Chilton Lectures

Arthur L. Chilton and the A.L. Chilton Foundation have been instrumental to the success of the Department of Biochemistry at UT Southwestern Medical Center.

Mr. Chilton was the founder of Sky Broadcasting System, with radio stations broadcasting from Texas, Louisiana, and Arkansas. Mr. Chilton also was an active and very generous philanthropist, creating the Chilton Foundation in 1945 to support medical research, youth organizations, and other charities.\

He began supporting UT Southwestern biochemistry students in the 1950s because of an interest in lipid metabolism and research related to obesity. That grew into a sustained and long-term commitment to support the Department of Biochemistry.

Mr. Chilton died in 1973, but through his close friend, the late T. Andrew Bell, and subsequently his widow, Mar Nell, and daughters, Bonnie Harding and Pattie Brown, his legacy as a forward-thinking benefactor continues at UT Southwestern Medical Center.

2018 Chilton Lecture

Title: “Chemical Biology-based Approach to Understanding and Overcoming Cancer Therapy Resistance”

Time/Date: 4 p.m. April 18, 2018

Location: Excellence in Education Foundation Auditorium
Simmons Biomedical Research Building

Stuart Schreiber, Ph.D.
Stuart L. Schreiber, Ph.D.

About Dr. Schreiber

Stuart Schreiber has been a founding core member of the Broad Institute since 2003. He was the founding director in 1997 of Harvard’s Institute of Chemistry and Cell Biology, which provided the origins of the Broad Institute’s Chemical Biology Program, now part of the Chemical Biology and Therapeutic Sciences (CBTS) Program.

Schreiber is a world leader in chemical biology, using small molecules as probes in uncovering biological functions. He has provided some of the most significant small-molecule-based advances, including small-molecule probes of extremely difficult targets and processes (e.g., transcription factors, oncogenes, protein/protein interactions, transdifferentiation of cells) that are at the root of human disease.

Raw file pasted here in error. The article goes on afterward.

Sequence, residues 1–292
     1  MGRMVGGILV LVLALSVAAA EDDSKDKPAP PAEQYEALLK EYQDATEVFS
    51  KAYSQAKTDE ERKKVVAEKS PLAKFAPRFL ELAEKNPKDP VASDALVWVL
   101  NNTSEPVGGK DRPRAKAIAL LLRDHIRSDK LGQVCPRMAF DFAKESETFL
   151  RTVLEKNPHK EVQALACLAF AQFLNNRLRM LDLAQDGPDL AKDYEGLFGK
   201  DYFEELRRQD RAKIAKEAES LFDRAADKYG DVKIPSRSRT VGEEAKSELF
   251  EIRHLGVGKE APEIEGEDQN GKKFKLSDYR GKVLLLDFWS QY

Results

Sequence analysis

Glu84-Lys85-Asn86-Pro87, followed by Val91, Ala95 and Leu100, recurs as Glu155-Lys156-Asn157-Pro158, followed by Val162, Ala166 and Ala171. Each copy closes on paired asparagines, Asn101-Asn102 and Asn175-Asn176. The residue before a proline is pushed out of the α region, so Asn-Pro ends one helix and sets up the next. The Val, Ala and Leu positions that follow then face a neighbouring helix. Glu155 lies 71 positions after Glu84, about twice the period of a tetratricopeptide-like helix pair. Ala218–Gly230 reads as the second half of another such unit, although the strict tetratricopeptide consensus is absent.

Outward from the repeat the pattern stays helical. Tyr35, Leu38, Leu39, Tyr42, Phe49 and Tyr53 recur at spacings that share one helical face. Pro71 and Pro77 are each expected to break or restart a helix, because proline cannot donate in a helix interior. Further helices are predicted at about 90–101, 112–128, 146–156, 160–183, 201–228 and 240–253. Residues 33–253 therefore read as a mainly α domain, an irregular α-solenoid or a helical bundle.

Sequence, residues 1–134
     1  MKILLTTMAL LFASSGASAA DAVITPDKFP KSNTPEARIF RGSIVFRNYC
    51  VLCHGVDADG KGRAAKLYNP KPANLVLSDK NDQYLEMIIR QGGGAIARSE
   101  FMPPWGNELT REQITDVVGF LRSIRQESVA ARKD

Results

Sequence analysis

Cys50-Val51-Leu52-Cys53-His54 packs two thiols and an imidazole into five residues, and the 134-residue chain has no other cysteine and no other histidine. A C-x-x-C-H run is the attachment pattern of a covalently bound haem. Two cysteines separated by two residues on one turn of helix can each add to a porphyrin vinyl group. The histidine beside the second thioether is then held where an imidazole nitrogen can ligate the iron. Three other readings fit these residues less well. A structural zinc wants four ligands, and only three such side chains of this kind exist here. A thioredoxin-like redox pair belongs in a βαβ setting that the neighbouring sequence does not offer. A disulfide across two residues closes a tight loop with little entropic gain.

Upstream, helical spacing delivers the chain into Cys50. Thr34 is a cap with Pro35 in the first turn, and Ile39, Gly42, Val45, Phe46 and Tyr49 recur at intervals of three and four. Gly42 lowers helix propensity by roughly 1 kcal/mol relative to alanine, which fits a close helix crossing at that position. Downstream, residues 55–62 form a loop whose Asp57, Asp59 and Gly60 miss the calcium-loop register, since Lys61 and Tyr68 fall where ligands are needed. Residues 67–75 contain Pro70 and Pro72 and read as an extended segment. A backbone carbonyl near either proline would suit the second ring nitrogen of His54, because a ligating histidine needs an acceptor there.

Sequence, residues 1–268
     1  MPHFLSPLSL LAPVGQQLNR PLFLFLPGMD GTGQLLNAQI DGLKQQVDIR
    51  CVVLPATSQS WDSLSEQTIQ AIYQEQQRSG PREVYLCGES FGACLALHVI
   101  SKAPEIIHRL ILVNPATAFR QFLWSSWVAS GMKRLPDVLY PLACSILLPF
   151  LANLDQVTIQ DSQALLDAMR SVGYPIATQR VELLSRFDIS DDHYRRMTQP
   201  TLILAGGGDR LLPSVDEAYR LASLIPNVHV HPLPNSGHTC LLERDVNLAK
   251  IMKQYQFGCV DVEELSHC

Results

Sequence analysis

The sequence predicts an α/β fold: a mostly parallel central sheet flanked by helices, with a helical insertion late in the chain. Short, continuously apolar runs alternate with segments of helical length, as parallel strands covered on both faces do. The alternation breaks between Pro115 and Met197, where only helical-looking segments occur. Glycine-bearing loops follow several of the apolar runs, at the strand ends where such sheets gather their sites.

His development of diversity-oriented synthesis, and integration of human biology and chemistry to guide the development of safe and effective therapeutics, among others, have dramatically advanced chemical biology and contributed to its becoming a vibrant area of life science research. Numerous new drugs for various indications (organ transplantation, dendritic cell vaccination, leukemia, multiple myeloma, and solid tumors, including carcinomas and sarcomas) have been approved and are being developed in which therapeutic effects are the direct consequence of proteins and/or cellular control mechanisms revealed by Schreiber’s research.

Schreiber is the Morris Loeb Professor in the Department of Chemistry and Chemical Biology at Harvard University and a Howard Hughes Medical Institute investigator. He is an elected member of the National Academy of Sciences and the American Academy of Arts and Sciences. He is the recipient of numerous awards, including the Tetrahedron Prize for Creativity in Organic Chemistry, Charles Butcher Award in Genomics and Biotechnology, the Association of American Cancer Institutes Distinguished Scientist Award, the Award for Outstanding Achievement in Chemistry in Cancer Research from the American Association for Cancer Research, the Arthur Cope Award from the American Chemical Society, and most recently the Wolf Prize in Chemistry.

Schreiber was a professor at Yale University from 1981 to 1988, and became a member of Harvard’s Department of Chemistry and Chemical Biology in 1988.

He received his B.A. in chemistry from the University of Virginia and his Ph.D. in organic chemistry from Harvard University.